Children's Fiction: "Return to the Secret Garden" by Holly Webb
It's 1939 and a group of children have been evacuated to Misselthwaite Hall. Emmie is far from happy to have been separated from her cat and sent to a huge old mansion. But soon she starts discovering the secrets of the house - a boy crying at night, a diary written by a girl named Mary and a garden. A very secret garden...
This is as magical as the original story by Frances Hodgson Burnett. Webb has placed her sequel in 1939 which is really effective as it presents a believable way to bring children back to Misselthwaite Hall with the same sense of abandonment, a search for family and a need to belong that Mary had in "The Secret Garden". It is also effective as the whole concept of being taken away from the city and deposited in the middle of the countryside in a big rambling old house is very appealing to children and perhaps echoes the same idea used by Rowling and Blyton with boarding schools.
Orphaned Emmie, the main protagonist, has the same traits as Hodgson Burnett's Mary, making her a little awkward and hard to like or warm to because of her stubborn attitude and slight unkindness, but again, in keeping with the original characterisation, this is deliberate and initially children will still respond to Emmie as they will relate to the way she is judged and poorly treated by her teachers. Emmie's character softens very quickly as the novel continues and there is a lot of empathy and sympathy created for her when her more lonely and vulnerable side is revealed once the children arrive at the Hall and she explores the grounds.
Emmie is desperate to find something for herself - a place for herself, a place to belong and in which to be happy. She stumbles across an old diary written by Mary and the similarities between them are subtly revealed. On her discovery of the Robin, who seems to want to communicate so much more to Mary than just his pretty song, Mary writes sadly "I don't think I ever had a friend and I should like one." Emmie's relationship with her kitten Lucy exactly mirrors this. Webb has successfully modernised Mary's voice so her diaries are very accessible and read as fluently as a contemporary character.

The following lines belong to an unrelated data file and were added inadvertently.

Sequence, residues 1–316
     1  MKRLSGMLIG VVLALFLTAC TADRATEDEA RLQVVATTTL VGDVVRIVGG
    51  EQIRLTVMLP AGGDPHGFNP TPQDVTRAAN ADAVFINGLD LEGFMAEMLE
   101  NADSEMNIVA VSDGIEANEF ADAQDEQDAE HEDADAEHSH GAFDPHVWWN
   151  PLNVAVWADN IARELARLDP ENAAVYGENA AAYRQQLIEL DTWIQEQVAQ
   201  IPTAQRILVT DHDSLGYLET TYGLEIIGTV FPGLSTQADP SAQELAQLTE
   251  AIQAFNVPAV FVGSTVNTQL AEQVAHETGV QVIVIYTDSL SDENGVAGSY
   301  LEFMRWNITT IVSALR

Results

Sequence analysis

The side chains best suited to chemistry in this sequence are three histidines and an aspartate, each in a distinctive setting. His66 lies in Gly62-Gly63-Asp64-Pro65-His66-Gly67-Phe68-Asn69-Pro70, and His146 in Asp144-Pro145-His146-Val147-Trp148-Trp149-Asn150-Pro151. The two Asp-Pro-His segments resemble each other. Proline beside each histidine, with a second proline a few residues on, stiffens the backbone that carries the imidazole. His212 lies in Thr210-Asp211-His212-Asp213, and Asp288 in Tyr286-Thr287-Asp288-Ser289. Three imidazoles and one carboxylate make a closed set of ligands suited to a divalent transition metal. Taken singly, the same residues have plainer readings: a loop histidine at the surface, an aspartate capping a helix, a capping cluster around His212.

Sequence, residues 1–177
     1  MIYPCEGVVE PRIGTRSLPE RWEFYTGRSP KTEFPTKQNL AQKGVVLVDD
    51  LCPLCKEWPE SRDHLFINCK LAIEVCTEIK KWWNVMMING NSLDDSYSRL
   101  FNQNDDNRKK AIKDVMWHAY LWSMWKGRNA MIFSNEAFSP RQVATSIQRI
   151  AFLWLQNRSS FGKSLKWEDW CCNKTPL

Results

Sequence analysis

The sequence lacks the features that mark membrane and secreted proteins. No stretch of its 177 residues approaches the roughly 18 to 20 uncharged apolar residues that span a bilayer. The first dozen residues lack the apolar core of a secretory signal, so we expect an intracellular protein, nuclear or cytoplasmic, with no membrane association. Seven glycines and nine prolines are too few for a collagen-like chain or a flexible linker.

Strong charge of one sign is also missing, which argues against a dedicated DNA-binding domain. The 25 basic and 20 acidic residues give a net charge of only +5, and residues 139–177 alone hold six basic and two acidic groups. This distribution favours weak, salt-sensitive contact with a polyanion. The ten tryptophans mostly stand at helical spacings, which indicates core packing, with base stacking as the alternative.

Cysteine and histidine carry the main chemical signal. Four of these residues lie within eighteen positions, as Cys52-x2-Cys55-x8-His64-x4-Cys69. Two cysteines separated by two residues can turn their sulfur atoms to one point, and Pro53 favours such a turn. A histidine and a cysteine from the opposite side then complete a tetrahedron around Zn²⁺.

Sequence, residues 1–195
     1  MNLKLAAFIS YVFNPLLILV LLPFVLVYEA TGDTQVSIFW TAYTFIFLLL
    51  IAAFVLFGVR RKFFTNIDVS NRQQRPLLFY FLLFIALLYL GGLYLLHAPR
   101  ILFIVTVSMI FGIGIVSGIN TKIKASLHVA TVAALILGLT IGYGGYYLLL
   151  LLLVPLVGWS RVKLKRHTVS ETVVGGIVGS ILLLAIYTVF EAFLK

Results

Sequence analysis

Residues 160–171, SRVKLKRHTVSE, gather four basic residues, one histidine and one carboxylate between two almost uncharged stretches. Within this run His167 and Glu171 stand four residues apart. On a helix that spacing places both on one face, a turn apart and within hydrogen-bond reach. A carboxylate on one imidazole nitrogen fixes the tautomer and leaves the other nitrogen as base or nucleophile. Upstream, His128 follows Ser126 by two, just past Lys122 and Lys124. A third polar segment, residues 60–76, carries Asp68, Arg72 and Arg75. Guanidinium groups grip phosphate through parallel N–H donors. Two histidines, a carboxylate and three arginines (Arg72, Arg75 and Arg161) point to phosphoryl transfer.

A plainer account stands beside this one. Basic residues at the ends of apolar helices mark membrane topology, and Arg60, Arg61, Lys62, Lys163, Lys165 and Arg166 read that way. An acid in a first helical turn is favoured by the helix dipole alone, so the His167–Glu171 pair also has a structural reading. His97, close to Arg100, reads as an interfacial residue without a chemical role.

Emmie is able to find the hidden key and then discovers the secret garden. She is so disappointed to find that it is no longer secret but decides that "It wasn't a secret garden anymore - but it could still be her garden full of secrets." Once again, the garden will show its healing power and work its magic!
I thought the way Webb weaves her story in and amongst Hodgson Burnett's story was really clever and interesting. She captures the same tension and suspense of the howling wind, the crying at night, the discovery of a secret place and the connections it has with the family's past. The references and cross overs were sensitive and totally in keeping with the original. Emmie's character is well constructed; her emotions are well represented and we follow her journey from being lonely, frustrated and angry to healing others around her and finally becoming part of something very special. Webb's writing shows respect and real affection for "The Secret Garden" and a very deep understanding of its themes and ideas. It is an authentic sequel and one of which France Hodgson Burnett would definitely approve! Webb shows that the themes in Hodgson Burnett's novel are still very relevant to a modern audience and still as heartwarming and affirming. I really enjoyed it and can't wait to share it with my daughter. For me, it is as captivating, memorable and as special as "The Secret Garden".
Webb also recommends "The Painted Garden" by Noel Streatfeild.
Life is tough for the Winter family in London, with little money and Dad out of work. Luckily Aunt Cora comes to the rescue with an invitation to live in California. From that moment on, talented Rachel and Tim dream of stardom in America. The family couldn't be more surprised when a movie producer picks plain peevish Jane for the lead part of Mary in The Secret Garden. No one's ever noticed Jane before. Could this be the chance of a lifetime?